What were you like at school?

We were from the countryside and I went to primary school with only 3 boys in my class so going to secondary was a huge shock. I was shy as a mouse. I was very small and was known as ‘wee Shona’. I wanted to be even smaller – to hide away from the public eye. I went to a school reunion a year ago and half the people there had no recollection of me at school so I must have done a pretty good job. I was a bit sneaky too. I had a group of well behaved friends and a separate group of rebellious ones and I’d flit between groups – keeping my options open! I’m still friends with a few of the girls today.

Why did you start blogging?

Earlier this year a personal trainer was mentoring me and a few others and he gave us the challenge of posting on Facebook everyday for a week. He asked us to post something true about us that makes us vulnerable but that might have a helpful message for other people. So it wasn’t initially a blog, just Facebook posts. I was quite scared clicking the ‘post’ button as I said things that I hadn’t openly spoken about much. But I was really surprised when people started commenting to me that they found my posts really helpful and this encouraged me to continue.

How has your blog evolved?

After a while I felt it would be nice to have a home for my posts as things can be lost on Facebook so a friend helped me create a blog section on my PT Website. The initial posts on there are the ones I wrote during that challenge. Looking back now I should edit and tidy them up but part of me likes that they are raw and as they are. Since then I’ve grown a little bit more confident and I’ve tried to write about wider topics such as body image and body building. As a result of that I ended up interviewing a lady who transformed her life and entered a body building competition. Through this experience I realised that I really like interviewing people and sharing other people’s stories as I think they have huge potential to inspire so I have done another couple of interviews since As you can see I’m pretty much making it up as I go along but it is fun and I’m loving the process.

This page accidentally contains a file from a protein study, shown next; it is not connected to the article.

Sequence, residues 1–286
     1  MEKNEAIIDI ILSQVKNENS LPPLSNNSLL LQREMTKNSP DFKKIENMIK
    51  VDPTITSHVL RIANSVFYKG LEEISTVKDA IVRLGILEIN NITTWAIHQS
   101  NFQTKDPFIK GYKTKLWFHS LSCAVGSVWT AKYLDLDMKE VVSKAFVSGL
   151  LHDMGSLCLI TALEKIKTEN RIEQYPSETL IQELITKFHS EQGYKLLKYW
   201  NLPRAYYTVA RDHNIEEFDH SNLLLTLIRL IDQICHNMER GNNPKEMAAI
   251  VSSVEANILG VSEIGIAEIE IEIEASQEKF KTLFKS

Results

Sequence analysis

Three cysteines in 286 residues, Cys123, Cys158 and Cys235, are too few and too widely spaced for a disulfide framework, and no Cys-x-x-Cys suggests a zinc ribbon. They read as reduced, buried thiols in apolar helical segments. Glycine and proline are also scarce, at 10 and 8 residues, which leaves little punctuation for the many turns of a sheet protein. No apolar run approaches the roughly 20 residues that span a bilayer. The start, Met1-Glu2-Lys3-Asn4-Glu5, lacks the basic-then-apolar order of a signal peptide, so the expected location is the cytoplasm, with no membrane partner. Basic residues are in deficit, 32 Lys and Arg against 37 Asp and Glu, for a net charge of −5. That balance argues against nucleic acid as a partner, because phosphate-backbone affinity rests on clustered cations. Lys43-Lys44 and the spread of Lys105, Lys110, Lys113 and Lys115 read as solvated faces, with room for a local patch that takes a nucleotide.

What inspires you to write your blog?

I’ve come to realise I love writing. I love being caught in the flow of the moment. When I get caught up in writing I lose track of time and forget all my normal distractions. I’d say I’m normally pretty easily distracted. I’m passionate about women feeling good in their bodies whatever shape and size they are. I feel I have had a lot of healing in my life through exercise and through being open and honest about my struggles with food and my body. If sharing mine and other people’s stories can be of any help then I will keep writing for as long as I am able to and for as long as I have something to say. I feel there is so much junk in the media about food, women’s bodies and unobtainable perfectionism. I also find writing helps me to organise my thoughts and musings – it makes me happy.

Have you ever wanted to blog about something but felt you couldn’t?